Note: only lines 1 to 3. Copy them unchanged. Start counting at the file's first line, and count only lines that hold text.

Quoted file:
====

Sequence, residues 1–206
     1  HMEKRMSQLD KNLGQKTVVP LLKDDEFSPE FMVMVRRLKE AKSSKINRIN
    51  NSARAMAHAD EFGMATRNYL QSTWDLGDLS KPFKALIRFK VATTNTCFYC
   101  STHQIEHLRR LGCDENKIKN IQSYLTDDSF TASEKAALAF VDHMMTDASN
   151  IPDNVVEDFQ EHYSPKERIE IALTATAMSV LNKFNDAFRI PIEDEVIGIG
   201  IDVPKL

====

Sequence, residues 1–206
     1  HMEKRMSQLD KNLGQKTVVP LLKDDEFSPE FMVMVRRLKE AKSSKINRIN
    51  NSARAMAHAD EFGMATRNYL QSTWDLGDLS KPFKALIRFK VATTNTCFYC